THE inefficient standard light bulb could be phased out within three years to save up to 800,000 tonnes of greenhouse gas emissions.The federal Environment Minister, Malcolm Turnbull, is expected today to announce a commitment to phase out incandescent light bulbs by 2009-10, a world first by a national government.
It hopes to convince state and territory governments to introduce energy performance standards that would lead to the replacement of standard light bulbs with more efficient but more expensive alternatives such as compact fluorescent lights. It will also negotiate with manufacturers to phase out the bulbs.
In Australia lighting represents about 12 per cent of greenhouse gas emissions from households, about 25 per cent of commercial sector emissions, and a quarter of the emissions associated with public and street lighting.
The Federal Government estimates replacing the old bulbs with compact fluorescents in homes could cut greenhouse gas emissions by as much as 800,000 tonnes a year in 2008-12. Australia's emissions in 2004 totalled 564.7 million tonnes.
SACRAMENTO –– In yet another instance of California being a trend-setter for the rest of the nation, Assemblymember Lloyd Levine (D-Van Nuys), the Chair of the Assembly’s Utilities and Commerce Committee, today announced that he is introducing legislation - the How Many Legislators Does it Take to Change a Light Bulb Act - to ban the sale of incandescent light bulbs in California by the year 2012.
The California legislature may want to revisit the wording of their proposed ban on incandescents (AB 722). How about mandating a level of efficiency rather than assuming that innovation can't happen?"
come to think of it, i wonder if that includes the infra red bulbs in use in fast food restaurants?
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...According to an April 12 article in The Ellsworth American, Bridges had the misfortune of breaking a CFL during installation in her daughter’s bedroom: It dropped and shattered on the carpeted floor.
Aware that CFLs contain potentially hazardous substances, Bridges called her local Home Depot for advice. The store told her that the CFL contained mercury and that she should call the Poison Control hotline, which in turn directed her to the Maine Department of Environmental Protection.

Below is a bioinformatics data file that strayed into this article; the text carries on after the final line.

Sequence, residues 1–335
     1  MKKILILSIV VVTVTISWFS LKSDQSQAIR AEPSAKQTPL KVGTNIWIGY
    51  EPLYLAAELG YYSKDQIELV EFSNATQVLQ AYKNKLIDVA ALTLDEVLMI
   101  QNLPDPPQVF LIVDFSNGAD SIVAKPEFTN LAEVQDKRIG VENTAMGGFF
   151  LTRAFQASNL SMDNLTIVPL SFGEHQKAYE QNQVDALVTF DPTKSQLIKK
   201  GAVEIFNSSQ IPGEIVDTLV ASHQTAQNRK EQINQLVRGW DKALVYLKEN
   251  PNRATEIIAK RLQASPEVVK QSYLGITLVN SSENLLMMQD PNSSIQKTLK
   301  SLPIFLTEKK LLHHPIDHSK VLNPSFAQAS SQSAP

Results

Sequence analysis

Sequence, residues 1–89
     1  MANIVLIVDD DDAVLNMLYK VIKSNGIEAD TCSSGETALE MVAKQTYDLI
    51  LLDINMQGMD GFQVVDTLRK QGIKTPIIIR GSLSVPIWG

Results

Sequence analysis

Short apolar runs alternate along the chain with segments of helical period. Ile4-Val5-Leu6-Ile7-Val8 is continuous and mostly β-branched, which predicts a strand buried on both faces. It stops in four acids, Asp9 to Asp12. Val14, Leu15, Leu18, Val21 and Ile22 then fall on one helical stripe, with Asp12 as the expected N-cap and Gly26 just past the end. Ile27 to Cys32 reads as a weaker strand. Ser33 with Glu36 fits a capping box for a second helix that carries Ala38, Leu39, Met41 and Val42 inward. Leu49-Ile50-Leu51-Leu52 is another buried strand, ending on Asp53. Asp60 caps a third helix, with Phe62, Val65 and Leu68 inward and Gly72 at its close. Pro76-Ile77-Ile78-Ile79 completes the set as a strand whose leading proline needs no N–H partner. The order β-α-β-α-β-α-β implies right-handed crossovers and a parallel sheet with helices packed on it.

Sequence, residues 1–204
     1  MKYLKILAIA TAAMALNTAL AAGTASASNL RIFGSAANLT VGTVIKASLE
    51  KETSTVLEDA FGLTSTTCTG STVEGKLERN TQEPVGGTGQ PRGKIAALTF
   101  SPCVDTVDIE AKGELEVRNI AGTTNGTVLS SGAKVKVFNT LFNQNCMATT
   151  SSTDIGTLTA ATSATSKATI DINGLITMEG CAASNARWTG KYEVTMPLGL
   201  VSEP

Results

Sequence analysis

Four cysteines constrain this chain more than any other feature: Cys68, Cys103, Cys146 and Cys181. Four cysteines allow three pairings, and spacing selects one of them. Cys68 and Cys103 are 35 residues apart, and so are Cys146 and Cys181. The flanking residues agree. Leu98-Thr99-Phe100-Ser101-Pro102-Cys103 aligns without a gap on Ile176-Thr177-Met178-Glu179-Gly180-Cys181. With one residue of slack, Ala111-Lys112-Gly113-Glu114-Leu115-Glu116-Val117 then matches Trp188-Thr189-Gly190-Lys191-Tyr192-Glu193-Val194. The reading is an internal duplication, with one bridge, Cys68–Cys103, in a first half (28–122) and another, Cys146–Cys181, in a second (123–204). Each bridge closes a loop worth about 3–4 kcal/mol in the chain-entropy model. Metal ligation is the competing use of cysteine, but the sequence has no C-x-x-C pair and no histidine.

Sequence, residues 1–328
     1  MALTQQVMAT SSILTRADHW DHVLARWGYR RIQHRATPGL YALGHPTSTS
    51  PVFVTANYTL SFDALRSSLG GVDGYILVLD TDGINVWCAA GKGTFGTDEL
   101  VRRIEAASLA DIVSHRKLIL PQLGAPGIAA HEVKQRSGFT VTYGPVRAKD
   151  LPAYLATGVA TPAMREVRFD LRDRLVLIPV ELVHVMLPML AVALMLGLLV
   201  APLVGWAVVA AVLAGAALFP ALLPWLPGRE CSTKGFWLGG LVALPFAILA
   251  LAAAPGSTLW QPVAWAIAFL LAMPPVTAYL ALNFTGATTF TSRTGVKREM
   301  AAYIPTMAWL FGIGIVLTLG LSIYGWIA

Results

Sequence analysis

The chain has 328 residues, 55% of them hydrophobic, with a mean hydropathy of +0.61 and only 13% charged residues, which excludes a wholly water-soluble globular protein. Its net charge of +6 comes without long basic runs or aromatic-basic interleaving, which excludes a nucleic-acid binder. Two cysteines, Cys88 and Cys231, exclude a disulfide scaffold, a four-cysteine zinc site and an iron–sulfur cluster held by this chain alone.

The DEP sent a specialist to Bridges’ house to test for mercury contamination. The specialist found mercury levels in the bedroom in excess of six times the state’s “safe” level for mercury contamination of 300 billionths of a gram per cubic meter.
The DEP specialist recommended that Bridges call an environmental cleanup firm, which reportedly gave her a “low-ball” estimate of $2,000 to clean up the room. The room then was sealed off with plastic and Bridges began “gathering finances” to pay for the $2,000 cleaning. Reportedly, her insurance company wouldn’t cover the cleanup costs because mercury is a pollutant.
Given that the replacement of incandescent bulbs with CFLs in the average U.S. household is touted as saving as much as $180 annually in energy costs — and assuming that Bridges doesn’t break any more CFLs — it will take her more than 11 years to recoup the cleanup costs in the form of energy savings....
...Don’t vacuum bulb debris because a standard vacuum will spread mercury-containing dust throughout the area and contaminate the vacuum. Ventilate the area and reduce the temperature. Wear protective equipment like goggles, coveralls and a dust mask.
Collect the waste material into an airtight container. Pat the area with the sticky side of tape. Wipe with a damp cloth. Finally, check with local authorities to see where hazardous waste may be properly disposed....
i know for a fact my city recycles CFL's but yes, what about accidents?